Exclusion due to migration from a third country (Art. 16a Abs. 2 GG)

Based on stricter requirements, but has the same legal consequences the basic asylum right has. When compared to the refugee status, it has practically no significance on its own.

In arrival centres asylum seekers receive a wristband showing the registration number and the address of the arrival center, © Fateh Khodamoradi

Refugee Status,

§ 3 ff. AsylG

A refugee is any person who, due to a justified fear of persecution based on his/her race, religion, nationality, political conviction or membership in a certain social group, must leave his/her country of origin.

Exclusion is based on the existence of alternatives to fleeing or sufficient protection in the country of origin.

Secure third country regulation comparable with Art. 16a Abs. 2 GG does not exist.

Implementation of international and European obligations (GRC, Qualification Directive)

Federal Office for Migration and Refugees (BAMF) in Nürnberg, © picure alliance, dpa, Daniel Karmann



§ 4 AsylG

Threat of serious danger in the country of origin through:

the death penalty,

torture or inhuman/humiliating

serious personal threat of life or integrity based on external circumstances.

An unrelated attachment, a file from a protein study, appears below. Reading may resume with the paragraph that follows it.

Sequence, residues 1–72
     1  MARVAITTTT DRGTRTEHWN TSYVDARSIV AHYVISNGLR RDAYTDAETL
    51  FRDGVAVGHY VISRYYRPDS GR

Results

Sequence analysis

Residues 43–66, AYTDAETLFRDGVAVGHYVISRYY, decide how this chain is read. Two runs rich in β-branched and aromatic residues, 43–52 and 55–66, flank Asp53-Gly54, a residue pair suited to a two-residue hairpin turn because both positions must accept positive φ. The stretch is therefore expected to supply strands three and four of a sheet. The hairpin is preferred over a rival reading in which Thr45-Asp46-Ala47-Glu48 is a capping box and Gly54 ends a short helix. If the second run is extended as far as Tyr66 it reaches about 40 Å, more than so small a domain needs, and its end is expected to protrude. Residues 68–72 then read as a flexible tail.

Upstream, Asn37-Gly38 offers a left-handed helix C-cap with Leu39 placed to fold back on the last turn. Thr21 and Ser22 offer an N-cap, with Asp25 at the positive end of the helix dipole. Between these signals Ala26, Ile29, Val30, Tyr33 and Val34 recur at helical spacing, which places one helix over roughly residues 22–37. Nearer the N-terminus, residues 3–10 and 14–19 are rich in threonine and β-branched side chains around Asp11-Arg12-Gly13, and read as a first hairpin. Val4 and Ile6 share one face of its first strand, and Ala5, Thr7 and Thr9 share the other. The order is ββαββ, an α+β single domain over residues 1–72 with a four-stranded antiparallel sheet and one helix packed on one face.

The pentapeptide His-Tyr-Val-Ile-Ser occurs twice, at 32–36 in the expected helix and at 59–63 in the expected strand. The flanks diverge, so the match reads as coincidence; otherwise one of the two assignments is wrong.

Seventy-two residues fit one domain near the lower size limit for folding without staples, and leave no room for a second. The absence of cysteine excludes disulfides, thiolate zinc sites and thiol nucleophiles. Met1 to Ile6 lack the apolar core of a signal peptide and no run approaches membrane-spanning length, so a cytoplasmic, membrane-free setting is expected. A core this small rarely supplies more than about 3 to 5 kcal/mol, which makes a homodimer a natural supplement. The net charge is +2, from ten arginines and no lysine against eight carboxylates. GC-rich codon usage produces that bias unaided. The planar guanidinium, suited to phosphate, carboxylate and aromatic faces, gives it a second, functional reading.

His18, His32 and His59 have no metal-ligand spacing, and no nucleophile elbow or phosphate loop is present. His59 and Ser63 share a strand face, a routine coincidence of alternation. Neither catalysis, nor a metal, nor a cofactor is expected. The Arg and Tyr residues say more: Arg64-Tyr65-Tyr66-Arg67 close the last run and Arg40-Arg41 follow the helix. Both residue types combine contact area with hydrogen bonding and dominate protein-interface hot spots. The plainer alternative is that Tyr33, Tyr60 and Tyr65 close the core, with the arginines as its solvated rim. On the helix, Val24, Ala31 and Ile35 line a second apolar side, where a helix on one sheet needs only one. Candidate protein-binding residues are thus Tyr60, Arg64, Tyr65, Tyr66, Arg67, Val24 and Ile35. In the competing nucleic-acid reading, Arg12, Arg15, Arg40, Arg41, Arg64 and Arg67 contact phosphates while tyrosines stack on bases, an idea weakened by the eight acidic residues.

Implementation of obligations based on European law (Qualification Directive)



Bans, § 60 Abs.

5/7 AufenthG

If deportation results in a violation of the European Convention for Human Rights (Abs. 5)

If there is a serious and concrete danger of bodily harm or to life or freedom in the country in question. (Abs. 7)



3 years, with
possible extension
1 year, extension of
up to 2 years possible
At least 1 year, maximum of 3 years extension possible
Reunion of the nuclear family guaranteed within three months after decision
No right to family
reunion, issue of up to
1,000 visa/month for
a residence permit
due to humanitarian
reasons is possible
Family reunion is
but not guaranteed;
a secure livelihood
must be guaranteed
Reunion with extended family members only in cases of hardship
No Family Asylum
Residence permit gives right to the exercise of employment
Permit from immigration authority is necessary
Claim for one-time participation within